In addition the man`s ability to express the subject in a way that is accessible is zero. I just listened to a point which he then goes on to say `see figure(s) 7.2, 6.1, 6.2, 6.3 6.4. He quite simply is incapable of presenting information in a manner that informs anyone who is not already qualified. That is ok, except that the whole promotion of the audible book and the sample reading is all dedicated to saying how accessible it is.
Unless you have a physics degree don`t touch it ... and even if you have remember you will repeatedly be given an argument that refers to a chart or picture in the hard copy in order to expand the point - so without the hard copy you are left flaying. This experience has left me cynical about the whole idea of using Audible and relying on promotion of books and samples to make a buying decisions. Seems got me it is only reliable for storybooks.
4 of 4 people found this review helpful
Really disappointed in this book, expected it to be more quantum physics but the vast majority of it talks about molecules and their shapes.Really boring subject matter. All the way through it refers to diagrams in the book as this is a *audiobook* there are no diagrams so it's pointless as an audiobook.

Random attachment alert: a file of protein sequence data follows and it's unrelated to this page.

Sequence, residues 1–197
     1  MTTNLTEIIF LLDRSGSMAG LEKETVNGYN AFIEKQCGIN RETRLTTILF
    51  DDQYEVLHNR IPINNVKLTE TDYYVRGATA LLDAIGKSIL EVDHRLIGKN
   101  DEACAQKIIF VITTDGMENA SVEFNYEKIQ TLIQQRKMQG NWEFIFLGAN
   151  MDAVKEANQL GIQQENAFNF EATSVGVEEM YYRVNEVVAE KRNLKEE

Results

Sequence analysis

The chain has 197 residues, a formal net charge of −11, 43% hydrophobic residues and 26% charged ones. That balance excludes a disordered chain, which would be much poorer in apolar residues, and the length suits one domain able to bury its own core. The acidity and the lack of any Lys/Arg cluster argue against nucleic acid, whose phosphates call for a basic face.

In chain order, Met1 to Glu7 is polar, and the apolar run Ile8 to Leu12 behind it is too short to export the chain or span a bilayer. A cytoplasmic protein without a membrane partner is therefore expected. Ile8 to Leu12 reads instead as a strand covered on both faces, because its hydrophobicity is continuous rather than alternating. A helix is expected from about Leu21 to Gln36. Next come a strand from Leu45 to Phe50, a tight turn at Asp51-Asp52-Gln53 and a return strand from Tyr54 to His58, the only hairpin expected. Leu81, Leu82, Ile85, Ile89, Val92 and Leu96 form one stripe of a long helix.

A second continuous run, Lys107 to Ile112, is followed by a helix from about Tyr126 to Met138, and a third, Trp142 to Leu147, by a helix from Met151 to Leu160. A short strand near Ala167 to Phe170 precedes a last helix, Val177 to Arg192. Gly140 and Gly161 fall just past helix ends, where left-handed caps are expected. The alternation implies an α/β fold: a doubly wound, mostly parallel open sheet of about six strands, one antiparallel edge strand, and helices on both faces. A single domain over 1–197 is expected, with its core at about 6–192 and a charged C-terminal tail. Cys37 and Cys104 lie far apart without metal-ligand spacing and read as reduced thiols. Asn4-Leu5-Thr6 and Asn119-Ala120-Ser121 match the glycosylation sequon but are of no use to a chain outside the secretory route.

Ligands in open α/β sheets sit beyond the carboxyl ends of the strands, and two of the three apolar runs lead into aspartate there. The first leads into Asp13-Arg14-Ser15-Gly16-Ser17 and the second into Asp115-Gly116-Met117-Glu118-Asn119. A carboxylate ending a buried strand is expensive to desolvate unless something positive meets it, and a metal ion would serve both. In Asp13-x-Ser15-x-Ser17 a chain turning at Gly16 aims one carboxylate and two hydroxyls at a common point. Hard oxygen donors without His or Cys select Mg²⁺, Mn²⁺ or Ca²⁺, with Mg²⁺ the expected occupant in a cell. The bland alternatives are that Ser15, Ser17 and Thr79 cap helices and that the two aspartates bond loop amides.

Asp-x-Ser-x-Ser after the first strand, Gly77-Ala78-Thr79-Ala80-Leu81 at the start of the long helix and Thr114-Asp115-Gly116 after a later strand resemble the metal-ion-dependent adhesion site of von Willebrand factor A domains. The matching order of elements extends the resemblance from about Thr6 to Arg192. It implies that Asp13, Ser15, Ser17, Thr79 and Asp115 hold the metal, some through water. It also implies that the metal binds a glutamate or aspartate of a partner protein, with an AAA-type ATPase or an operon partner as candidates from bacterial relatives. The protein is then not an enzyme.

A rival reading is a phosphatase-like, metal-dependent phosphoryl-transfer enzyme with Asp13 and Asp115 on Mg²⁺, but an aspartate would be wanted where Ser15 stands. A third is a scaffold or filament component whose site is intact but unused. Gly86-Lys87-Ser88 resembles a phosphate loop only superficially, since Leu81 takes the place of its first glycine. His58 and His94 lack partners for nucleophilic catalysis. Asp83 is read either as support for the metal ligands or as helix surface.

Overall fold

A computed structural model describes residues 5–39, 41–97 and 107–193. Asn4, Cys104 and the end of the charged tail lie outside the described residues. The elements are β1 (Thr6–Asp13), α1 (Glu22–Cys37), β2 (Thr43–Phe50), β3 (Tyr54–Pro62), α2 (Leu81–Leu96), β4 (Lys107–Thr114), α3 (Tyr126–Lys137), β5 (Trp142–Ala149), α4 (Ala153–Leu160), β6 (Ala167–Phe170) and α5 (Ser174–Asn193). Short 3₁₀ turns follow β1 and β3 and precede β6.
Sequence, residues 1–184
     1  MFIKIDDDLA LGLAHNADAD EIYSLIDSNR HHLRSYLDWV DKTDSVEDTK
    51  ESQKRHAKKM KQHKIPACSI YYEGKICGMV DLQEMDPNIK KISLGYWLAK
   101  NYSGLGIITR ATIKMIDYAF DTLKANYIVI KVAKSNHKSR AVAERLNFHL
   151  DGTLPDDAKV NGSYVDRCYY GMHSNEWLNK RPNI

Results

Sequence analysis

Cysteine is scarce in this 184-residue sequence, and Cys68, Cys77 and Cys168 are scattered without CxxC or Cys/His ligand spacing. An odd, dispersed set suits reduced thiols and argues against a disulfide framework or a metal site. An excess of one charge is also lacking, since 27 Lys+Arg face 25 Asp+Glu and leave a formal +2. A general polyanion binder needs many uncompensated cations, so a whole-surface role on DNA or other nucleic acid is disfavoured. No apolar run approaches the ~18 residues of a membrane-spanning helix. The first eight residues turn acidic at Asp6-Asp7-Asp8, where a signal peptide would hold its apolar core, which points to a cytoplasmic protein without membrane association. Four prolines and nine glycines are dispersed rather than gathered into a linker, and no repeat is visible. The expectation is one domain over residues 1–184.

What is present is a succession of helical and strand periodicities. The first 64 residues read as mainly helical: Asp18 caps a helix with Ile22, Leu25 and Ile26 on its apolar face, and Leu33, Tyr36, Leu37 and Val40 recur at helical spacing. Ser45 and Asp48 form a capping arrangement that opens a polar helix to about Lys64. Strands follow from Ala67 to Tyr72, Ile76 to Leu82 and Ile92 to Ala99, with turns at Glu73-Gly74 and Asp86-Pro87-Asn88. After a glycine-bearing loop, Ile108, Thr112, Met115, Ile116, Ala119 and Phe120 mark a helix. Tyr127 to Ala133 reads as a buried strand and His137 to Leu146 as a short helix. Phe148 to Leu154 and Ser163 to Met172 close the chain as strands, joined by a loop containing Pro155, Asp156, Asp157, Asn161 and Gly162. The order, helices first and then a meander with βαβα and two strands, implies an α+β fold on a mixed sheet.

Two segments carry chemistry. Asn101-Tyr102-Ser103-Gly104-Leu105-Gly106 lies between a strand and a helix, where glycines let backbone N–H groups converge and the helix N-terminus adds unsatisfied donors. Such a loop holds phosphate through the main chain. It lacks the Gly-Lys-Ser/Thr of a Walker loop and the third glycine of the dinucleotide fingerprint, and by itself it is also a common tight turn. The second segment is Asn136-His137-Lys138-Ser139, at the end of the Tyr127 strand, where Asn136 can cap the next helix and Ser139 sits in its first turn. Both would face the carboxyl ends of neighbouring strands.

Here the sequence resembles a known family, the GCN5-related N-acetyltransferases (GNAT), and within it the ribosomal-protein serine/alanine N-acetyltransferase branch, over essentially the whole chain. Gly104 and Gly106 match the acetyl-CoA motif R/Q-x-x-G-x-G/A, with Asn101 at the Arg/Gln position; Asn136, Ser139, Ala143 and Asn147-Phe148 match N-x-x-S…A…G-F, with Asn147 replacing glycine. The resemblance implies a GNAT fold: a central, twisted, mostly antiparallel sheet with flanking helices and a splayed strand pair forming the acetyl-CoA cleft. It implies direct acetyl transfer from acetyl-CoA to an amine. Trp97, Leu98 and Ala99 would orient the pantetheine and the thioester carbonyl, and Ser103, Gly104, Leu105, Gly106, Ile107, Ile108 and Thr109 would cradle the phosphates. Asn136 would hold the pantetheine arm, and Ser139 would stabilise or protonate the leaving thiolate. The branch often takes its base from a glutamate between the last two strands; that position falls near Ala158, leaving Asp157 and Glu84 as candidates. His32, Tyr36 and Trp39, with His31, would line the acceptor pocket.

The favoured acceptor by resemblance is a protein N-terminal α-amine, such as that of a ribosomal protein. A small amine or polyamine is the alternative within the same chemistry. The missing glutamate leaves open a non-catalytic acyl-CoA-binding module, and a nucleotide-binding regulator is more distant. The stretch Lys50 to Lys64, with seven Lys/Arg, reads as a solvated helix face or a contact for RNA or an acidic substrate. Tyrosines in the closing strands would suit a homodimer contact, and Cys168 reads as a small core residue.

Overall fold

3 of 3 people found this review helpful
Figures and equations don't work in Audiobooks generally. Sometimes the producers will try to make them work with either handouts (hard to read while driving) or detailed descriptions. In this case they did not even try - just a dude reading equations off to you - very frustrating. Chapters 1-4 were good and relatively math free. After that the author gives up on his promise to "keep out the math" and begins inserting equations to "prove his point." I don't need the math to convince me and the narrative is lost with the interruptions of the math.
18 of 20 people found this review helpful